Stocks markets have hit record (nominal) levels in the last few days, amid the on-going torrent of central bank currency injections into the banking system. Month-on-month changes in the US M3 money supply continue to show robust gains, with this money stock now at $15.1 trillion and some measures of year-on-year US house price gains close to 10%.
The Dow closed on Tuesday at 14,253.77 – breaking through the nominal highs of 2007, with the FTSE All-World equity index at four-and-a-half year highs. The key word is “nominal”: in inflation-adjusted real terms stock indexes in the US, UK and other countries have gone nowhere over the last 13 years – moving sideways. The volatility has offered opportunities for those with the cash (and the nerve) to buy at the bottom of the trend – think late 2002 or March 2009 – and to skilful traders, but not really for your average investor.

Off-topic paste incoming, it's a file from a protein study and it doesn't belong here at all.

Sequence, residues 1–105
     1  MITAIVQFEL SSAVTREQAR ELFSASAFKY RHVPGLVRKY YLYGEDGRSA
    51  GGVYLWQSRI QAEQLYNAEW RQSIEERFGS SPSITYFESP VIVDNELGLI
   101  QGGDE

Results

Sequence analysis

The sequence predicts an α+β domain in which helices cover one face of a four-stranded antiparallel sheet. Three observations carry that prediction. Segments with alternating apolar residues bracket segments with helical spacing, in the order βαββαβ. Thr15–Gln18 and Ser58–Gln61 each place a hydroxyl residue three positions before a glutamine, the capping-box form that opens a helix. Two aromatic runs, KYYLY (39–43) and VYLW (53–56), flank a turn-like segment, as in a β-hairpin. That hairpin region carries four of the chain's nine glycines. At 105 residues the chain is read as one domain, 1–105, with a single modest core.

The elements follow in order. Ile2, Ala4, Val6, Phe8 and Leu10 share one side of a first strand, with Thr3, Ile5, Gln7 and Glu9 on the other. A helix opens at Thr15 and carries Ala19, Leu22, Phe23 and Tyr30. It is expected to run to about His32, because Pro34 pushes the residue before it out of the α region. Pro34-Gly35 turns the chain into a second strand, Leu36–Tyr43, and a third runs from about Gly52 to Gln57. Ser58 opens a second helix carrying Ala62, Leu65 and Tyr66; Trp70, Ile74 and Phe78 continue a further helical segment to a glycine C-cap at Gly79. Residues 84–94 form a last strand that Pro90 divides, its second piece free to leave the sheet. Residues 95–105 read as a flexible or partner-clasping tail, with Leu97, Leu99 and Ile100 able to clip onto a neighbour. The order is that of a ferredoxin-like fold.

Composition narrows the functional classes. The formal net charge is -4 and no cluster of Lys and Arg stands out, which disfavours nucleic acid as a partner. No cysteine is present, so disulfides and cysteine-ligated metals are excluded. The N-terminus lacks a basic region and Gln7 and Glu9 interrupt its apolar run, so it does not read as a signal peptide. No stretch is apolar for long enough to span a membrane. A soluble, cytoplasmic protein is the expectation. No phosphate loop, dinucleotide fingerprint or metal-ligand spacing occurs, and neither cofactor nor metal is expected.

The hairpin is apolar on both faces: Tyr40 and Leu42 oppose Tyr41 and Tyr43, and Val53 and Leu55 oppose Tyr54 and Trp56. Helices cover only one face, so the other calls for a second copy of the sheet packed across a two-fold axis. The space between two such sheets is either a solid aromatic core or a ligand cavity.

ZeroHedge has an interesting comparison of broad economic indicators from 11 October 2007, the last time the Dow was at current prices, versus today. Consider just the number of Americans on food stamps then and now (26.9 million then, versus 47.69 million today) and it again emphasises the…
Read the complete article at GoldMoney here.
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